Lisa Hamilton:
That's great.

Kathleen Enright:
Additionally, we said that you need to stay connected to those who are affected by the issues that you're working on. Some of the best regarded organizations in our sector have been calling out for that kind of connectivity for years and years. Some people talk about it as getting proximate, others have written publications called Do Nothing About Me Without Me. People are talking about feedback loops.

Lisa Hamilton:
Participatory research.

Kathleen Enright:
Participatory research. Folks are talking about it in so many different ways. Not only do you need to ask for, but you actually have to take and incorporate and make real the feedback that you're seeking.

Lisa Hamilton:
One of the things when we are doing our work is the balance you have. You have paid staff that you have charged with helping to figure out how to make investments on their behalf, but then you know how important it is to engage communities. There is a lot of work that has to be done to help your staff understand what their role is in both making grant making decisions but also engaging communities, in informing and providing support for those kinds of decisions. There is a dance to be done in trying to manage both paid staff and community members that you want to have a voice in what you're doing.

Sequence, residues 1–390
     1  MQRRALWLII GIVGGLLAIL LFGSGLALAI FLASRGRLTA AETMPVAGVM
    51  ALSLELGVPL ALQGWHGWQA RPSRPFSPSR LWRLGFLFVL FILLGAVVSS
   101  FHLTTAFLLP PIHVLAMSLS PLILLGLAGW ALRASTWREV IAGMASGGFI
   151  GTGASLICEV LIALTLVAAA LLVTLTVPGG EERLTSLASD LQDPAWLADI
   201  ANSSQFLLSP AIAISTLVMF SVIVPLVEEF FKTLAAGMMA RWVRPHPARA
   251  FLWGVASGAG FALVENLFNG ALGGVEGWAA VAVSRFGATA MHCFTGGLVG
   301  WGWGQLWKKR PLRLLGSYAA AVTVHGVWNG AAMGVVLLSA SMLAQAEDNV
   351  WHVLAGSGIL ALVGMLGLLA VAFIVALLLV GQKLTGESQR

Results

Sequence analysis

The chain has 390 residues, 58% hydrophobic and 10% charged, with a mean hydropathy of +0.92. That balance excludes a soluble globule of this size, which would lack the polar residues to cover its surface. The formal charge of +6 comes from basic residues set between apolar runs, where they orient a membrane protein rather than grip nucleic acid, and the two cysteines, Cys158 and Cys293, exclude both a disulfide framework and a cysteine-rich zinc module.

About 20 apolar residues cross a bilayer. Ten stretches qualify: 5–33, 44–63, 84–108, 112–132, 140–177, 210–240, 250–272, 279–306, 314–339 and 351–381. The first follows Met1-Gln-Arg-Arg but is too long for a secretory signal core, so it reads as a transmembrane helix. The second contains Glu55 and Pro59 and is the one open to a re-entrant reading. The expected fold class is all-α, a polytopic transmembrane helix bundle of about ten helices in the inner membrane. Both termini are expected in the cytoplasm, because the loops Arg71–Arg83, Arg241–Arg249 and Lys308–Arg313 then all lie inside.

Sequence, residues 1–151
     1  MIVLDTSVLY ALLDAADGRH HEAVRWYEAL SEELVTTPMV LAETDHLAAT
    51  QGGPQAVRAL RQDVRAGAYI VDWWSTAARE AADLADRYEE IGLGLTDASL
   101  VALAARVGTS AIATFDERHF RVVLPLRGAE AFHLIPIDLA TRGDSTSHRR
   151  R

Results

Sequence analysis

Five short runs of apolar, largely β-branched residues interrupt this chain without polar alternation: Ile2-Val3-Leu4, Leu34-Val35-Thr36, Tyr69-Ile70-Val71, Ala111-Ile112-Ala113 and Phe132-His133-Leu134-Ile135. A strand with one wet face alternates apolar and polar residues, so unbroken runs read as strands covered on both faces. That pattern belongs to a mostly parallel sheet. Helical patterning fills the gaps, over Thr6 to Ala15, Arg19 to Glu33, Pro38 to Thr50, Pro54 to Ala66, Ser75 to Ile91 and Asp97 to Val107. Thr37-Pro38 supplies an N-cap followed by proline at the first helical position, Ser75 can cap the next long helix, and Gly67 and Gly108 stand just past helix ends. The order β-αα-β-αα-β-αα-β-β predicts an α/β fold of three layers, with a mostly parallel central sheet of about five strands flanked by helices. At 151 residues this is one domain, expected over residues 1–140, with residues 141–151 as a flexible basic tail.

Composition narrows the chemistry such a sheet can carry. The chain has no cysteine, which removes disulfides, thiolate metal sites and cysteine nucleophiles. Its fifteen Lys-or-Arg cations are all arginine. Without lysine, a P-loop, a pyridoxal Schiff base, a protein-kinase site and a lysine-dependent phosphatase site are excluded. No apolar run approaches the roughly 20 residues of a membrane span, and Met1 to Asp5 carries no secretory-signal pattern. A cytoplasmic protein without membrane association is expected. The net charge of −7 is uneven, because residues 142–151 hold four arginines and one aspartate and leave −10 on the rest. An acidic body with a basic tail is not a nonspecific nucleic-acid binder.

Kathleen Enright:
Lisa, you sound like you've already got that balance. Your understanding of that balance and you’re talking about it in a really nice way. I think where it goes a little bit askew is when foundations charge their staff with being the expert. Because then they think they have to have the answers. That's terrible for them. Those poor foundation staff that think that they have to have the answers, and then present it in a whole little package to their foundation leadership. Of course, they're going to get resistance from the nonprofits they fund and from the communities that they serve. Because, again, they weren't consulted.

Lisa Hamilton:
I don't want to pretend that we have it all figured out. We're practicing. Philanthropy is a practice.

Kathleen Enright:
Of course, absolutely.

Lisa Hamilton:
Not a performance. We are every day trying to do that balance, but I think people often come to philanthropy imagining that their role is to have an expert answer. There are often people who are accomplished in the fields that we work in. Helping them build new muscles to be rather engaging, to be folks who engage community and are listeners and not just deciders is really a new muscle that you have to build for folks in philanthropy.